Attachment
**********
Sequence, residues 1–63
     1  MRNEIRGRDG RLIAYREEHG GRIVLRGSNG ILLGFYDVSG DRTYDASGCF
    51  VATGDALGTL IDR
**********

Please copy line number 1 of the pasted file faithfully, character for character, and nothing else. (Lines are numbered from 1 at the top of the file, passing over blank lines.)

Sequence, residues 1–63